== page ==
Home > .NET 2.0, C# 2.0, Forms 2.0 > Quick and Easy Splash Screen

Quick and Easy Splash Screen

August 2, 2007

Updated: 10 September 2008 – I added some information about using transparent background images.


I have several applications that take a little while to start up, usually because they are establishing database connections. As we all know, if an application takes longer than 2 seconds for a screen to appear, the user will assume nothing has happened and double click the icon again. I’ve watched users practically clicking with fury because they didn’t get immediate results. Hey, maybe that could be a new movie… Clicks of Fury!

Anyway, the way around this is to provide the user a Splash Screen. That is the little icon or graphic that pops up while an application is loading. This gives the user immediate feedback that something is happening, and can provide something interesting or entertaining to fill the void while they wait. OK, the last may be a stretch, but a Splash Screen is important. For users using your software for the first time, it is also their first impression of you and your product.

Today I’m going to show you a really easy way to incorporate a Splash Screen for your application. Just follow these steps…

Create the Splash Image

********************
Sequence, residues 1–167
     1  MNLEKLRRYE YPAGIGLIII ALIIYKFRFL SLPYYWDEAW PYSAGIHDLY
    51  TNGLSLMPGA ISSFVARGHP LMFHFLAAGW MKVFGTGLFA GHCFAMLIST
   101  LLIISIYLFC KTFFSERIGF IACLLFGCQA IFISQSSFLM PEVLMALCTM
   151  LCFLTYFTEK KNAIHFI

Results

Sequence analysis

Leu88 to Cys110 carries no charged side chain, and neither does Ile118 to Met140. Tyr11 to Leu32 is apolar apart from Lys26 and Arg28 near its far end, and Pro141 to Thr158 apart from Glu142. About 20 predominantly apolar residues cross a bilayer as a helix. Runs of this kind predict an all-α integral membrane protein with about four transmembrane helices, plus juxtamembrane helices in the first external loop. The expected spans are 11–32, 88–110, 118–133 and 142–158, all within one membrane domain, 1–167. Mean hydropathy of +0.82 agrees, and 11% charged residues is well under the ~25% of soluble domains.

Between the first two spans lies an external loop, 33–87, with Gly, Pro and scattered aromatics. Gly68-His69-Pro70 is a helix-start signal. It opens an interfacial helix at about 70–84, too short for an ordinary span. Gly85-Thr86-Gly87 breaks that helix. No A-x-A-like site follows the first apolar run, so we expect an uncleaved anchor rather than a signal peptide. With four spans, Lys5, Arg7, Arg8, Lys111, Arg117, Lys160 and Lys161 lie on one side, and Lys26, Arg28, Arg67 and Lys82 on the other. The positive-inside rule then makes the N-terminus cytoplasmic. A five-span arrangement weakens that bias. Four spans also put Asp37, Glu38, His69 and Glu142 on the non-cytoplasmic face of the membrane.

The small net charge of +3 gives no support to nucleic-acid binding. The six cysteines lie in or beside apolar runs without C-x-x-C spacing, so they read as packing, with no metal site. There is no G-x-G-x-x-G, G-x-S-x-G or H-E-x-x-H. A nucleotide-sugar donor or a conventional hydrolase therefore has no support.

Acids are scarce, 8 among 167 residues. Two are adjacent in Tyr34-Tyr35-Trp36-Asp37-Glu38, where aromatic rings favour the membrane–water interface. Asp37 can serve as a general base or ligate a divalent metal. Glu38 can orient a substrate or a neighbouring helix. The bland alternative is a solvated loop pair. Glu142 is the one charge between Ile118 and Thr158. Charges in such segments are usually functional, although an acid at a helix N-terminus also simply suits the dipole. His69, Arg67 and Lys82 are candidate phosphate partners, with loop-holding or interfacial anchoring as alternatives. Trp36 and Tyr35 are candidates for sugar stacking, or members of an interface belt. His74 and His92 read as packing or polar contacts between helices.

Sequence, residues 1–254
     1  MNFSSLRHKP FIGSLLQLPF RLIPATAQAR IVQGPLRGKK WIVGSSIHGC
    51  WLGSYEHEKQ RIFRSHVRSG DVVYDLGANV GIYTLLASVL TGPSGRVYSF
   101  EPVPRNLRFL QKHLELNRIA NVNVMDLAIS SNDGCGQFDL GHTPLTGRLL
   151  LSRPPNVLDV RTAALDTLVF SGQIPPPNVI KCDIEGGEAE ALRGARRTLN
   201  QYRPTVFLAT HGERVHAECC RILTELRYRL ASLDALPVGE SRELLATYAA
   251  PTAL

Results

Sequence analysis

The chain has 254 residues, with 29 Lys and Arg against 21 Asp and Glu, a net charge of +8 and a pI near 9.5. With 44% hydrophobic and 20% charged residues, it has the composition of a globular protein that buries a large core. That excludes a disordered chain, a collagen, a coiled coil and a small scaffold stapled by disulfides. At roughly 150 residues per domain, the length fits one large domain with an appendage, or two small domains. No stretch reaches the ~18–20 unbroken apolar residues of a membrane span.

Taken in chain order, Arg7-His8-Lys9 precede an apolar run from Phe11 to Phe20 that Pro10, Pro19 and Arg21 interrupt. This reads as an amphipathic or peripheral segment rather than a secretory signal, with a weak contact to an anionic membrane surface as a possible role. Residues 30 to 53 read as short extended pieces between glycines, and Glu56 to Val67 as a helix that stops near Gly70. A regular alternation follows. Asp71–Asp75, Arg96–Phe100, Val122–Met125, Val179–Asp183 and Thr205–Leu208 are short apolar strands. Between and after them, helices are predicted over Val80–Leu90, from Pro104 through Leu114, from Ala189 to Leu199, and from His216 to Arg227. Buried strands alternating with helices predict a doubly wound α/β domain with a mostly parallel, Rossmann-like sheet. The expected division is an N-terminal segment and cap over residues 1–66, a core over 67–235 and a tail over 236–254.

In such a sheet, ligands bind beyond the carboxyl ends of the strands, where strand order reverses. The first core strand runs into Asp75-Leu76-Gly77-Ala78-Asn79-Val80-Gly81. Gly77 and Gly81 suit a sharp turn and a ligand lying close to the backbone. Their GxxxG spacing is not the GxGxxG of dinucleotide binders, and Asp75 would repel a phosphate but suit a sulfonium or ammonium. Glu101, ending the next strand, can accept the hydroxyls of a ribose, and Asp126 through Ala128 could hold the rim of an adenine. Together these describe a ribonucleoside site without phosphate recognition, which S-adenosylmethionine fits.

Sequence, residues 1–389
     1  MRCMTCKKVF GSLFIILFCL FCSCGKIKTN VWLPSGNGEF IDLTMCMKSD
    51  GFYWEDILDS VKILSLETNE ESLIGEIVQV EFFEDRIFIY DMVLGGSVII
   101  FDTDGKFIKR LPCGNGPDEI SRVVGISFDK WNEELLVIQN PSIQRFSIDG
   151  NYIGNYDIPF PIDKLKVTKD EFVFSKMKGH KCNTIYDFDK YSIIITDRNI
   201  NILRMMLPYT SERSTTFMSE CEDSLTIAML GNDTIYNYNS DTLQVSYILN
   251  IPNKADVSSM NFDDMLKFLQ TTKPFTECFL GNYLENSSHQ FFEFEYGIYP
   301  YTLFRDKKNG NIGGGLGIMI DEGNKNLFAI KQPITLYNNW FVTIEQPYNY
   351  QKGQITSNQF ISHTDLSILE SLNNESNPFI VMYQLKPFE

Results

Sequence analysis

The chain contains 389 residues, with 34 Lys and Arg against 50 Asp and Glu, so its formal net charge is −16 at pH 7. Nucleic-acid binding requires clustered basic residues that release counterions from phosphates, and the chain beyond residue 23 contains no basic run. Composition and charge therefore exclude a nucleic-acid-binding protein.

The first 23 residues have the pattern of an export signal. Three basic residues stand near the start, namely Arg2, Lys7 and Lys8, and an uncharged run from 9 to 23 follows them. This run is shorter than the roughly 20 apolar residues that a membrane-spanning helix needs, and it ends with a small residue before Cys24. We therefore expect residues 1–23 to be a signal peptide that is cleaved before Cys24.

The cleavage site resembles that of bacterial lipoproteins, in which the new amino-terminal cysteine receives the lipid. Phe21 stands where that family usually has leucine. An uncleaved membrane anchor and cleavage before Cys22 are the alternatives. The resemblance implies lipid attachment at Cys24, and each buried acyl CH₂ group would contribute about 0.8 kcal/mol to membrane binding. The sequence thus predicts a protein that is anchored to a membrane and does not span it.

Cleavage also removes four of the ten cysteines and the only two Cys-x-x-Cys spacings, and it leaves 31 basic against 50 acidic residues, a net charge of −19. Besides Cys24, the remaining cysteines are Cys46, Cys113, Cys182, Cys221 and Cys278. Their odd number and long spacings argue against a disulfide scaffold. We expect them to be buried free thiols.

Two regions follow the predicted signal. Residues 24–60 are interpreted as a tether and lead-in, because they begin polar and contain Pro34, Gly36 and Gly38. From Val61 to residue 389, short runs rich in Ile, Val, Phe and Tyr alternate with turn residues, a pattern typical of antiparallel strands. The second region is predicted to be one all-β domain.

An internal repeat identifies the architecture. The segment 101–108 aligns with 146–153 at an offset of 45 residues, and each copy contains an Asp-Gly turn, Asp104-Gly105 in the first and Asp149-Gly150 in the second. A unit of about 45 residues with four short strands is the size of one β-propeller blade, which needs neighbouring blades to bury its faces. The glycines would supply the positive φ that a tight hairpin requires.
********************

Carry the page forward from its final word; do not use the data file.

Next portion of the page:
This step is actually optional, which will make sense in a minute, but you can get much more impressive results using a Graphic for your Splash. You can use just about any standard image type. You can also use irregularly shaped images (with transparent background) to achieve some pretty cool effects.

Create the Splash Form

I usually call mine FormSplash, so that I can always cut and paste the rest of the code from this article into my Main Form. Follow these steps:

  1. Set the FormBorderStyle property to None.
  2. If you created an image in #1 above, set the BackgroundImage property to the image you created. Usually you will also want to set the BackgroundImageLayout property to None. If you chose not to create an image, you can simply set the background color of your form to a color of your choosing and place labels and such on your FormSplash to represent text.
  3. Adjust the FormSplash size to the same size as the Image or to an appropriate size for your Splash.
  4. Set the ShowInTaskbar property to False. This is optional but will prevent an extra item from showing up temporarily and unnecessarily in the task bar.

Your Splash Form is now ready to be used.

Using Transparent Background Images